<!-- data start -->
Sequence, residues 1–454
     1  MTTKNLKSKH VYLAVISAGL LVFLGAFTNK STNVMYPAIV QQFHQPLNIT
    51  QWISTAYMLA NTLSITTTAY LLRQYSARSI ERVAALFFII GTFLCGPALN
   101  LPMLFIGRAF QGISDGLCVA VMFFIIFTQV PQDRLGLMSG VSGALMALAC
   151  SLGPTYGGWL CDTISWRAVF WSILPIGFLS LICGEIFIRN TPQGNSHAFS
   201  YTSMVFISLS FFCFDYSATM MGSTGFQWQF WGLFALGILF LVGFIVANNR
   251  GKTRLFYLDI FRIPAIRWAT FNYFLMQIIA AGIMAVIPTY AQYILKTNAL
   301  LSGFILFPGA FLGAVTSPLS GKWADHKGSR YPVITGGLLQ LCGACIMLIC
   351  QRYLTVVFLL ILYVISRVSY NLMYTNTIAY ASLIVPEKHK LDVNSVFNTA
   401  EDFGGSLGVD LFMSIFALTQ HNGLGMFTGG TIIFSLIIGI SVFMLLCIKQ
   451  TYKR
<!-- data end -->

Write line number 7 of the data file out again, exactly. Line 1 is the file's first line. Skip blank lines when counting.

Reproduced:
   251  GKTRLFYLDI FRIPAIRWAT FNYFLMQIIA AGIMAVIPTY AQYILKTNAL